Salt Report 3682– On July 20, 2015, The Federal Reserve Board approved a final rule requiring the largest, U.S. bank holding companies to further strengthen their capital positions. Under the rule, a firm that is identified as a global systemically important bank holding company (GSIB), will have to hold additional capital to increase its resiliency in light of the greater threat it poses to the financial stability of the United States.
The final rule establishes the criteria for identifying a GSIB and the methods that those firms will use to calculate a risk-based capital surcharge, which is calibrated to each firm’s overall systemic risk. Eight U.S. firms are currently expected to be identified as GSIBs under the final rule: Bank of America Corporation; The Bank of New York Mellon Corporation; Citigroup, Inc.; The Goldman Sachs Group, Inc.; JPMorgan Chase & Co.; Morgan Stanley; State Street Corporation; and Wells Fargo & Company.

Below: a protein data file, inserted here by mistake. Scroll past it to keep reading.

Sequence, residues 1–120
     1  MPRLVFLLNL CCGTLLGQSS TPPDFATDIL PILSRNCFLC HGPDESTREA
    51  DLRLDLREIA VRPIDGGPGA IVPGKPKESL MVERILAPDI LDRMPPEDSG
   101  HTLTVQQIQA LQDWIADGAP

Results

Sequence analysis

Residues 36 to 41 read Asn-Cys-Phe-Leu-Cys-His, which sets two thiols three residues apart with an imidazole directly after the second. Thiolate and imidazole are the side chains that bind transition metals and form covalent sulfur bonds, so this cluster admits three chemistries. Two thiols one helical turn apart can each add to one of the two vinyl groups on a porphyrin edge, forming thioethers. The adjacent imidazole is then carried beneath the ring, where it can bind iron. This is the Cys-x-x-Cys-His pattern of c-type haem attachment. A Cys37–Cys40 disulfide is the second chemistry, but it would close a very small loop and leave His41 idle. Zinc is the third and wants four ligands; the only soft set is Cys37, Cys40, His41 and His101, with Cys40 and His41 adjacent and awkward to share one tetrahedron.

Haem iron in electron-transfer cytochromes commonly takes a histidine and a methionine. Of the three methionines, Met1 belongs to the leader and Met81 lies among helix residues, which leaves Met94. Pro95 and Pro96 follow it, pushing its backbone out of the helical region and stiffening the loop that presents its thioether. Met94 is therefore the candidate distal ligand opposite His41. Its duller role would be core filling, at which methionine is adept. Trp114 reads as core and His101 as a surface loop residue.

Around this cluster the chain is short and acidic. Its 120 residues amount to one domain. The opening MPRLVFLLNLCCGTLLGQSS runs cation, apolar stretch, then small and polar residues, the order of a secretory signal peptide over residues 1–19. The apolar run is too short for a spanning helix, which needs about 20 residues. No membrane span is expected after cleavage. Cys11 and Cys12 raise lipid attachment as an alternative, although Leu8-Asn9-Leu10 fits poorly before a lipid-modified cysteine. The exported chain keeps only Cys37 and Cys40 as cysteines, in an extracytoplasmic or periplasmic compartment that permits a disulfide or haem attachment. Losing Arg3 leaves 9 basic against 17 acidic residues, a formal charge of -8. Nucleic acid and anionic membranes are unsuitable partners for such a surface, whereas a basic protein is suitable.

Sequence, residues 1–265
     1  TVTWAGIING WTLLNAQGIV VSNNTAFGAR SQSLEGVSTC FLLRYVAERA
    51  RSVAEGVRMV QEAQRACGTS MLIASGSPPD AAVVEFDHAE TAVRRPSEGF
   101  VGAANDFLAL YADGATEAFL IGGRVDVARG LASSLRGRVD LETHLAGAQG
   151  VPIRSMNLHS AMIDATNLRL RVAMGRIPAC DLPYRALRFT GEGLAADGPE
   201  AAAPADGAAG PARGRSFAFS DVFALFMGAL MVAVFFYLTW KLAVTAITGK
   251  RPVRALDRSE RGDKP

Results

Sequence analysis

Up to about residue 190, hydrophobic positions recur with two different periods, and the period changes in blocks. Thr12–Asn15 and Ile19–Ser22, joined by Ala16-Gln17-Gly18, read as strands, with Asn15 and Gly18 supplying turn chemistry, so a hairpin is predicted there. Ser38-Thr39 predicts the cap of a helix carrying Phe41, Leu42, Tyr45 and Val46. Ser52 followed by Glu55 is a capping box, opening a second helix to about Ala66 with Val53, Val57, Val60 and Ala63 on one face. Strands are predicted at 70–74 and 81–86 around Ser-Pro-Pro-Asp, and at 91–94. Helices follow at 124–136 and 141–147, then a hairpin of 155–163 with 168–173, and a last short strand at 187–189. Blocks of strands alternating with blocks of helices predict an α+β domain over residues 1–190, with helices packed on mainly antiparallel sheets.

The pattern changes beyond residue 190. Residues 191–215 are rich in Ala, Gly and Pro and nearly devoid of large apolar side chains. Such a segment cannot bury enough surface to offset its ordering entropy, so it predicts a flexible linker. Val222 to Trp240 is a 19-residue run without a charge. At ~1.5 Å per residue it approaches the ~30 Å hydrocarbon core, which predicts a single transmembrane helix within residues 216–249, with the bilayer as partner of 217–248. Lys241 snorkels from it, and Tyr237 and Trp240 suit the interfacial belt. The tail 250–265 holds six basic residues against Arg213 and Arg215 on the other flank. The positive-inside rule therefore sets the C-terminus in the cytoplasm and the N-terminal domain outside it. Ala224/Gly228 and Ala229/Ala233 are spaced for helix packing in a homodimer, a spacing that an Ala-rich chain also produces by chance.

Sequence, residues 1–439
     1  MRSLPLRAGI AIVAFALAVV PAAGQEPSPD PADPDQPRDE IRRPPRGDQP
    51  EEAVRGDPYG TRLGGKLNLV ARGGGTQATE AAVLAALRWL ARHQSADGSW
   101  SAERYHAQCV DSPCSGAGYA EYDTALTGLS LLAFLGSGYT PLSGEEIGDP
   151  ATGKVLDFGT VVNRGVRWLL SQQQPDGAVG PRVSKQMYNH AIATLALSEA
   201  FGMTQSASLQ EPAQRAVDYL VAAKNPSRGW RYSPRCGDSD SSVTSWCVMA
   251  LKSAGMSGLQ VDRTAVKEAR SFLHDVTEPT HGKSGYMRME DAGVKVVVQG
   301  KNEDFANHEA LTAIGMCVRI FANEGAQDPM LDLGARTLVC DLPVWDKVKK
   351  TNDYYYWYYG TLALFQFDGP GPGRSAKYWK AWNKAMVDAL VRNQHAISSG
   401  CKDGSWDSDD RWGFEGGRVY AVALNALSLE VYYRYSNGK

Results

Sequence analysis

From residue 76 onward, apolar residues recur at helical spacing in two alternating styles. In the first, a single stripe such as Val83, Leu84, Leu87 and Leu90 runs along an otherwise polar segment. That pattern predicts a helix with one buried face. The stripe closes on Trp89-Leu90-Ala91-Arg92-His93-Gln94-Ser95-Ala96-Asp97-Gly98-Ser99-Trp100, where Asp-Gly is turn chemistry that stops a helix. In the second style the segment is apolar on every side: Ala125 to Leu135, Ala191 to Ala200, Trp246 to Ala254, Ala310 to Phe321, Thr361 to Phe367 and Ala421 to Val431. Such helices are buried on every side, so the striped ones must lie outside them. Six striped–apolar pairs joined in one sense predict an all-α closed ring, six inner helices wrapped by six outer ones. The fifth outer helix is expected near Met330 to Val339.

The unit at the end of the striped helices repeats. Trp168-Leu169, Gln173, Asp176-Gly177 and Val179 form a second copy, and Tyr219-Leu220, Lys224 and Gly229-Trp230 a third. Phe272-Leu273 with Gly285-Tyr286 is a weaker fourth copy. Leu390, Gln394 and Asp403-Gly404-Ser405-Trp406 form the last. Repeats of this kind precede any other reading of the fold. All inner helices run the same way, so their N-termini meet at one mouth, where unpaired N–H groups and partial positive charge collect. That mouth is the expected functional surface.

“A key purpose of the capital surcharge is to require the firms themselves to bear the costs that their failure would impose on others,” Chair Janet L. Yellen said. “In practice, this final rule will confront these firms with a choice: they must either hold substantially more capital, reducing the likelihood that they will fail, or else they must shrink their systemic footprint, reducing the harm that their failure would do to our financial system. Either outcome would enhance financial stability.”